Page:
This time, we review integers, and look at the `Double`

type.

# Transcript

Welcome back to kinder swift. This lesson we will look at numbers that have decimal points, which are known as *Doubles*. To start, let’s make a new playground. Click **File>New>playground**.

Name the new playground **Kinderswift5Playground** and save the file.

Remove what is already there so we have a fresh page.

To review the integers, or `Int`

type as we will call it, add the following code to the playground. Pause the video if you need to.

//Int Type let myInteger = 4 var intResult = 0 intResult = myInteger + 5 intResult = myInteger - 5 intResult = myInteger * 5 intResult = 5 / myInteger intResult = myInteger / 5

We assigned 4 to a constant integer called `myInteger`

. We then initialized to zero a variable called `intResult`

.

Just like before, we added five to `myInteger`

‘s value of four and got 9. We subtracted four from five and got -1. We multiplied 5 and got 20.

As we discussed last time we have some problems with integer division. Five divided by `myInteger`

’s value of 4 equals one. Four divided by five equals zero.

Most of the time we want a decimal value so that 5/4 = 1.25 and 4/5 = 0.8.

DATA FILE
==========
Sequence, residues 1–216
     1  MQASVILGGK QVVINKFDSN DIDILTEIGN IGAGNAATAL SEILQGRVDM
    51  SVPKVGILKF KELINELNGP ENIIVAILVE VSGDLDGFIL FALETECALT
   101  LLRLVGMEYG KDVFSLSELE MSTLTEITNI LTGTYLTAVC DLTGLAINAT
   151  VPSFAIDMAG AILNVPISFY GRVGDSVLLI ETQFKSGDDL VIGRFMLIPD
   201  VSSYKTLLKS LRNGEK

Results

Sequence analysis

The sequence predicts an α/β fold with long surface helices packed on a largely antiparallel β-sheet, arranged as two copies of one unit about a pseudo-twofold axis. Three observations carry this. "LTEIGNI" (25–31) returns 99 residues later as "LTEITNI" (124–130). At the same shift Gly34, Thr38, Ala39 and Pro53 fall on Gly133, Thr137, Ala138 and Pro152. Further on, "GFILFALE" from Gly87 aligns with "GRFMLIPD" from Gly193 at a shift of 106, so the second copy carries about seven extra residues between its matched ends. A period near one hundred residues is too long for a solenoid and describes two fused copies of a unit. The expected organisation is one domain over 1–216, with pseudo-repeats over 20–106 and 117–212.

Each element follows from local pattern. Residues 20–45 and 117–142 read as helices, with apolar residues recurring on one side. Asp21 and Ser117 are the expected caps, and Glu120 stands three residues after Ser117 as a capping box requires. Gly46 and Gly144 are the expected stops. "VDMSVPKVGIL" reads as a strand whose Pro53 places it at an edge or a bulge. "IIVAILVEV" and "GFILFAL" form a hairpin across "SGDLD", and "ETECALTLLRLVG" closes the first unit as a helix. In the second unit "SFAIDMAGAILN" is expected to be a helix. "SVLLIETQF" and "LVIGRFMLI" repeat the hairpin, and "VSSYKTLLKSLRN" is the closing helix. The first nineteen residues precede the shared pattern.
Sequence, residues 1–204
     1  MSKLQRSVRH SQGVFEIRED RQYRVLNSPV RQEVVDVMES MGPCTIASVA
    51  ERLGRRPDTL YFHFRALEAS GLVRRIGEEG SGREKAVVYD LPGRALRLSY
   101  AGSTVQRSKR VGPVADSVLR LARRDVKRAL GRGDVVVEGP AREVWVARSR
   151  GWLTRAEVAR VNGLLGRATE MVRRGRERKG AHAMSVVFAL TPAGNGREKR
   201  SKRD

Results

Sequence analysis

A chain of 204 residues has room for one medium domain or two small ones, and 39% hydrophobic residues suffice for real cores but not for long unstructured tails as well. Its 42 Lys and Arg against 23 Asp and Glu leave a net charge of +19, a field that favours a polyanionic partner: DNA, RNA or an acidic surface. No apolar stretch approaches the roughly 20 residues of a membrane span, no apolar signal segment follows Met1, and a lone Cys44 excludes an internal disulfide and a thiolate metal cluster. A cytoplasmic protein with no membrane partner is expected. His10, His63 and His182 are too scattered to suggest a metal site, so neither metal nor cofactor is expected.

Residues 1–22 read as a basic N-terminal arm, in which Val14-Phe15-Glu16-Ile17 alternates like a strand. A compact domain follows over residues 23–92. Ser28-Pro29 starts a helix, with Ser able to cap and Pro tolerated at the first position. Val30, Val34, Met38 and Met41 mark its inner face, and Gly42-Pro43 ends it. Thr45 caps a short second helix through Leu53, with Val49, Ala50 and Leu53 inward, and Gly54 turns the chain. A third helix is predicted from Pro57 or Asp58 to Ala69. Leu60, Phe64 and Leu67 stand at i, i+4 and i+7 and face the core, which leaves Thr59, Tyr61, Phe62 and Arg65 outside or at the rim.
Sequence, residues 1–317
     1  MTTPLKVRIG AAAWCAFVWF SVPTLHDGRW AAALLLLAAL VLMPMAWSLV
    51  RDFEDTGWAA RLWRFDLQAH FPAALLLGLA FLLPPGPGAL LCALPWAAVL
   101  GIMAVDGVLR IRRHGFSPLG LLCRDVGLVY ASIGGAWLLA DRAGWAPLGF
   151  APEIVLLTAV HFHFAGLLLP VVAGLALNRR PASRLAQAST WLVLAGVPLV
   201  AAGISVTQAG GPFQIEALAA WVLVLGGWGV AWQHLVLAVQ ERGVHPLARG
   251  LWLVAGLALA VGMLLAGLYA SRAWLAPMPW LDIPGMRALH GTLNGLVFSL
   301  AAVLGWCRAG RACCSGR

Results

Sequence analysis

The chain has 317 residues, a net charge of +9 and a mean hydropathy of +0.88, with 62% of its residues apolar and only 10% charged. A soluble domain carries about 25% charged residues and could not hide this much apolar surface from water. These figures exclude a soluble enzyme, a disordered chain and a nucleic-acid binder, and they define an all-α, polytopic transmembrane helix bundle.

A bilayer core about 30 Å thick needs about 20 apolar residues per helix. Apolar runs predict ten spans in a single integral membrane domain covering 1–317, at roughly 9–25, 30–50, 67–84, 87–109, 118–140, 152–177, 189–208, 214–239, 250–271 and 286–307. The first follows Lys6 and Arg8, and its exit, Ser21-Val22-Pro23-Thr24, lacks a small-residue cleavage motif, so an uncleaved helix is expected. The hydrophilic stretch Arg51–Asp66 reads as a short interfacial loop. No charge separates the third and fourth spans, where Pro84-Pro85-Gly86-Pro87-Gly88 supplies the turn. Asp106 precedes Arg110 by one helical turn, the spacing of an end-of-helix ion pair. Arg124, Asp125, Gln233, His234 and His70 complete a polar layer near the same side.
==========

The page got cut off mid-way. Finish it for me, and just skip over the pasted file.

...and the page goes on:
Variables and constants have types. Up to now we have only worked with the Type Int. There are other types. One of the most frequent ones used for mathematics and graphics is Double. There are two ways to declare a double, one of which we’ll cover in our next lesson. The easy way is just add a decimal point to our initial value in a constant or variable. So for example type this out.

//Double Type let myDouble = 4.0 var doubleResult = 0.0

In the results column, we get 4.0 and 0.0. The decimal point tells us this is a Double. These are now declared doubles.

Math works the same. Try adding:

doubleResult = myDouble + 5.0

We get 9.0. Now try subtraction:

doubleResult = myDouble - 5.0

We get -1.0. Now multiplication:

doubleResult = myDouble * 5.0

we get 20.0. And now for the good part. try these two division

doubleResult = myDouble / 5.0 doubleResult = 5.0 / myDouble

Now 4/5 = 0.8 and 5/4 equals 1.25.

When working with literal doubles you can write any number with a decimal point of course, so you can calculate these:

doubleResult = 2.4/3.0 doubleResult = 3.141/2.71

Doubles will allow increments as well. try:

doubleResult += 3.0

What you can’t do is mix types. YOu cant do any of these operations with both a Int and a double. type this:

//Can't mix types: doubleResult = myDouble + myInteger

And you will get an error. We may want to add Integers and Doubles t times, so the next lesson will tackle that problem.

I’m

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